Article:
• The Sorolla Museum: : Pº Martinez Campos, 37 (Tel: 91 310 15 84). This museum is set in the house where Sorolla, a famous Valencian artist lived until his death in 1923. The museum holds pieces by the artist depicting mediterranean scenes. The studio, garden and house have been preserved in their original state.

  • Museo Cerralbo: c/ Ventura Rodríguez, 17 (Tel: 91 547 36 46). This palace and museum belonged to the Marqués de Cerralbo, a great art collector who donated his palace and collection in 1922 under the strict condition that everything would be preserved in its original state. His collection ranges from Iberian times to the 19th century and includes furniture, ceramics, tapestries and weapons. The ball room is especially interesting.

  • The American Museum: Av. de los Reyes Católicos, 6 (Tel: 91 549 26 41). This museum holds all the pieces of American art brought from the New World by explorers over the centuries. It includes Precolumbian pieces, along with all the documentation from the first colonizers who went to America. The Tro-Cartesiano Codex (1250-1500), a Mayan manuscript brought from Mexico and treasure from the Quimbayas (500-1000 B.C.) are especially interesting.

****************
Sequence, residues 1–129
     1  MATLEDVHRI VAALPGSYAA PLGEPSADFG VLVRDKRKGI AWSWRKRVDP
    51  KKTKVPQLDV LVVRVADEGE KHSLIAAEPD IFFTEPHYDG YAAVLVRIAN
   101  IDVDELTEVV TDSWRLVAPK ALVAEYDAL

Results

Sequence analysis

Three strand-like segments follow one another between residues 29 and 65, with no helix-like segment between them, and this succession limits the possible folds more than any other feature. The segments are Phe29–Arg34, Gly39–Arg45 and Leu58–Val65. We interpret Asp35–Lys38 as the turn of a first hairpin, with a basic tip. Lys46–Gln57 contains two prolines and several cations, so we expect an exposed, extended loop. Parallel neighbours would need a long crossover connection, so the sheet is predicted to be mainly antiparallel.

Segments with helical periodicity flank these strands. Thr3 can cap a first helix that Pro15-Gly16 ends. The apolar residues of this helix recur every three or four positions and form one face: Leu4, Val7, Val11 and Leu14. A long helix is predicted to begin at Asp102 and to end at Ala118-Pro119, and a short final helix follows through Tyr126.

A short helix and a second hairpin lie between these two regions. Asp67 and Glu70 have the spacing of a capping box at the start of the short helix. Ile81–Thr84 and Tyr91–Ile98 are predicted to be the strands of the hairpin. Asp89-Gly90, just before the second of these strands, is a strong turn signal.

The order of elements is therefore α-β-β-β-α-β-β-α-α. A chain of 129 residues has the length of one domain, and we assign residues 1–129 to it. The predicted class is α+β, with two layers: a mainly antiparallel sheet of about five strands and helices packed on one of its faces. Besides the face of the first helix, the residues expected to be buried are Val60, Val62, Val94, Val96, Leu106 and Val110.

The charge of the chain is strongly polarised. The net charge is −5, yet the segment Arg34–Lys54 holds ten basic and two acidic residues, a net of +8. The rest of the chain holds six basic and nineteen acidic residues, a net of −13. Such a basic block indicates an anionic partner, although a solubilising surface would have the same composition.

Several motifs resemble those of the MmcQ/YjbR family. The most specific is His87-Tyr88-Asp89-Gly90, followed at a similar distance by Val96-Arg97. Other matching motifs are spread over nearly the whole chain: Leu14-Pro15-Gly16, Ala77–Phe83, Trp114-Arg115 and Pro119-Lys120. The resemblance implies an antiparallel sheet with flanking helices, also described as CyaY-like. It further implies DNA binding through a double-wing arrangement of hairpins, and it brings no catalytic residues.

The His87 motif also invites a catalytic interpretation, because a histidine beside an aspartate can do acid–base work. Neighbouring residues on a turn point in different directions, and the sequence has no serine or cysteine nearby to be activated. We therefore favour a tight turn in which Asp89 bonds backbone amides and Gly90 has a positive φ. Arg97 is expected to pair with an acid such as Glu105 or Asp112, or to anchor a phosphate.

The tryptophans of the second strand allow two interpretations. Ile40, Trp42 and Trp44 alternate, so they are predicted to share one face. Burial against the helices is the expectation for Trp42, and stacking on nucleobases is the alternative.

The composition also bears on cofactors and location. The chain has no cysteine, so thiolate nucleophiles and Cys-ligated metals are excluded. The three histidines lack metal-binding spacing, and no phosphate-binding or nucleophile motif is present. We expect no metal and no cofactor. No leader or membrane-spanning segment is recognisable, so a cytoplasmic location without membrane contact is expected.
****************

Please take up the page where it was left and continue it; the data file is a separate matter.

• The Lázaro Galdiano Museum: c/ Serrano, 122 (Tel: 91 561 60 84). Set in a mansion which belonged to Lázaro Galdiano, a keen art collector, who donated his collection to the state in 1947. It is a magnificent collection made up of valuable objects: paintings, clocks, furniture, important artists such as: Constable, Turner, Gainsborough, Ribera, Zurbarán, Velásquez…